More importantly, a team from the European Advanced Networking Test Center AG (EANTC) observed that the Cisco solution was a useful, easy-to-understand system that accurately highlighted video service delivery problems. The EANTC team checked out Cisco's VAMS as part of its wide-ranging and extensive test of the vendor's video capabilities. (See Testing Cisco's IP Video Service Delivery Network and Video Experience & Monetization: A Deep Dive Into Cisco's IP Video Applications.) EANTC managing director Carsten Rossenhövel noted in his assessment of VAMS (which can be found on page 3 of the "Video Experience & Monetization" report) that operators are struggling to find the IPTV assurance package they really need.
"We often hear from service providers that they wish they had more comprehensive tools to monitor their IP video offerings," writes Rossenhövel.
And it's not like there aren't multiple IPTV monitoring products available already: A recent Light Reading Insider report, "Digital Video Quality: Out of the Lab, Into the NOC," profiled 17 vendors with products designed to help carriers assess the quality of experience (QoE) of their IP video service customers. (See Insider Reports on IPTV Test Tools.)
Assessing video QoE is a major step from just being able to monitor a network's up-time, but it's a necessary one, as Rossenhövel notes: "At the end of the day, what operators care for, especially in these days of fierce competition and diverse service offerings, is what the user sees."
To do that, operators need to initiate a Customer Experience Management strategy that incorporates the use of integrated back-office systems and (importantly) a change in attitude (or "mindset"). (See OSS Firms: Are You Experienced?)
Cisco believes its solution, which promises centralized, real-time monitoring of broadcast video transport networks and IP multicast streams, is capable of meeting all the needs of its IP video service provider customers.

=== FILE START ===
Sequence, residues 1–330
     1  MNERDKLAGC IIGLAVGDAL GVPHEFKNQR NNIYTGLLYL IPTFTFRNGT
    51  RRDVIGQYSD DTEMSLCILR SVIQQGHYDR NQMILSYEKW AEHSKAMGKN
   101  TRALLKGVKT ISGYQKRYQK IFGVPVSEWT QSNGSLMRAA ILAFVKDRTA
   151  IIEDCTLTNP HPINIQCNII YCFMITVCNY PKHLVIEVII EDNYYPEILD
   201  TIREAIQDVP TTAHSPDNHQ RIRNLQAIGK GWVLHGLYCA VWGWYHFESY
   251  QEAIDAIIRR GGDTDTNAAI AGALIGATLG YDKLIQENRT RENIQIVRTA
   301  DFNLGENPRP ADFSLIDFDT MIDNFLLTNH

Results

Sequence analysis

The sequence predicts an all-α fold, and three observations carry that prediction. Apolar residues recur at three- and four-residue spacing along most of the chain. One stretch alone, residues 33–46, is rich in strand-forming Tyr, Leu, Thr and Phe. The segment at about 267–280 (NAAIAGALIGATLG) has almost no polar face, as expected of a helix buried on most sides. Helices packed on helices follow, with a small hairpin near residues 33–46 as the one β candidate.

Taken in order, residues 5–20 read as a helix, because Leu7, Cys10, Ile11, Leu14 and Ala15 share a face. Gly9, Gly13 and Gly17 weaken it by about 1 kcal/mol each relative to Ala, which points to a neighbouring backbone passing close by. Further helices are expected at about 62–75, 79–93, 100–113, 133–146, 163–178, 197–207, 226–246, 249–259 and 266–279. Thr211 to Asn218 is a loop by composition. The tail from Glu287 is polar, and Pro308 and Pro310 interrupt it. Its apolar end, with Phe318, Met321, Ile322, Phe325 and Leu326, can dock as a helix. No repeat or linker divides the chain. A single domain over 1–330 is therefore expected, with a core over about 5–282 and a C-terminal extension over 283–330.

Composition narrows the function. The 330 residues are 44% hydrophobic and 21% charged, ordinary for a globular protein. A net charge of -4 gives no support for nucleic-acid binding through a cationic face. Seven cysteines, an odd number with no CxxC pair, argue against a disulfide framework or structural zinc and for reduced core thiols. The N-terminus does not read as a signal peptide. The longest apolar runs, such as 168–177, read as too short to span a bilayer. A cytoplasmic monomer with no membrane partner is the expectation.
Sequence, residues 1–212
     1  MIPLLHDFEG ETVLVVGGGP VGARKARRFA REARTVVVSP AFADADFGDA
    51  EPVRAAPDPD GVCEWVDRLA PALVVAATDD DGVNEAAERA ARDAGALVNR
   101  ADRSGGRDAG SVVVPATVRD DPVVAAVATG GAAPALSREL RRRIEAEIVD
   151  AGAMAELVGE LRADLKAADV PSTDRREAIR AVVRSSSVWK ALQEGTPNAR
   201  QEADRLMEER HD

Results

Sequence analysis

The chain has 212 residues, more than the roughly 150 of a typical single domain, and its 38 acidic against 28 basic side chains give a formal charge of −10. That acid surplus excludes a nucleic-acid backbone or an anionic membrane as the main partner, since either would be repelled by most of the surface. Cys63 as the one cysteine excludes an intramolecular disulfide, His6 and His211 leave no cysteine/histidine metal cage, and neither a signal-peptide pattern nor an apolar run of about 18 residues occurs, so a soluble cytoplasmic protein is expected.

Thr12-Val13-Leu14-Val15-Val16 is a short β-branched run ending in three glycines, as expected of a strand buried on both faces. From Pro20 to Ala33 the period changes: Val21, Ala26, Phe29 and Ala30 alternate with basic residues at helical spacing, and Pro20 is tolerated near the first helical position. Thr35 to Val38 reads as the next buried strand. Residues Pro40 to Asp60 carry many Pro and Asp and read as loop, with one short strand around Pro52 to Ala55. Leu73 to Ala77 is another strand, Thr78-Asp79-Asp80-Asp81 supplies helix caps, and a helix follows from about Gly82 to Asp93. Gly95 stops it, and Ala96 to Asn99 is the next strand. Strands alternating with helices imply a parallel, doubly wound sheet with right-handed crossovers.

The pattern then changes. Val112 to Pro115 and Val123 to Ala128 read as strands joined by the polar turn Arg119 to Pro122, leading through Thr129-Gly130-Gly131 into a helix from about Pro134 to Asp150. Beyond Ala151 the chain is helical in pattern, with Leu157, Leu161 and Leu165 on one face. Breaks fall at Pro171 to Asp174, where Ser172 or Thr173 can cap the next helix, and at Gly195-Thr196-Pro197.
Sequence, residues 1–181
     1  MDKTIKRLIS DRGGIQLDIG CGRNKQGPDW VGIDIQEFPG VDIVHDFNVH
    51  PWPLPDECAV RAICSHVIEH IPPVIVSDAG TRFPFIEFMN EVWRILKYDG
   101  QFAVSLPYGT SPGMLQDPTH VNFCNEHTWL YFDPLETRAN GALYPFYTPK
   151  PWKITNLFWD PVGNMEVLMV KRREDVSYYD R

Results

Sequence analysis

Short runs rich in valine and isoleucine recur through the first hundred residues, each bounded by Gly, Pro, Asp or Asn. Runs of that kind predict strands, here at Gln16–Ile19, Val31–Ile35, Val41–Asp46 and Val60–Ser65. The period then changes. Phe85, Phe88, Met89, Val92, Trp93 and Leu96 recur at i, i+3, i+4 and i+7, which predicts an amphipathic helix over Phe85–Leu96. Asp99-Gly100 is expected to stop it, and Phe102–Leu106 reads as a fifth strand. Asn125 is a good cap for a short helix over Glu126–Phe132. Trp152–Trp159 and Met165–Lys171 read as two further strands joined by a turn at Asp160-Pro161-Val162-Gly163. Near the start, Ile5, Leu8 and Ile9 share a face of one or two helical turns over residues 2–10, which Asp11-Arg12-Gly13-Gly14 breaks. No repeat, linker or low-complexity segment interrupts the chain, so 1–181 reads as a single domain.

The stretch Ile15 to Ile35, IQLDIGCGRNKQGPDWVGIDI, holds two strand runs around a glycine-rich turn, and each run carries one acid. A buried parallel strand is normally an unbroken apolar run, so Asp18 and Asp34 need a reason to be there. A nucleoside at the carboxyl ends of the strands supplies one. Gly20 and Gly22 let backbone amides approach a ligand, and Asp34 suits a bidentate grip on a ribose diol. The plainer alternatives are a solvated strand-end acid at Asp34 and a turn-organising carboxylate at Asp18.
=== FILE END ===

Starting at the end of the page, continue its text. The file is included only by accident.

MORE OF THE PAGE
That's quite a claim, but Cisco isn't reliant on a single tool to do all the work. Instead it has pulled together multiple applications to create an integrated picture of the health of a service provider's video distribution system. Those multiple applications are:
- Cisco's Multicast Manager, which monitors any changes in the multicast trees that might affect video performance
- The vendor's Info Center tool, which manages macro network events
- ROSA NMS, a network management system (fault, performance, and configuration management, and more) designed for IPTV, cable, and broadcast networks
- Cisco's Active Network Abstraction (ANA) resource management tool that provides an overall view of the physical network
- Video probes from a third-party test vendor to monitor video traffic and provide the QoE metrics. The VAMS currently supports video probes from Bridge Technologies Co AS , IneoQuest Technologies Inc. , Mixed Signals Inc. , and Tektronix Inc. (the MTM400).
The EANTC team found VAMS to have the required functionality, and deemed it "simple enough at first glance to enable basic first-level support... [and] sophisticated enough to enable more detailed troubleshooting."
Check out the report to find out more about EANTC's specific tests and assessments of Cisco's video systems.
— Ray Le Maistre, International News Editor, Light Reading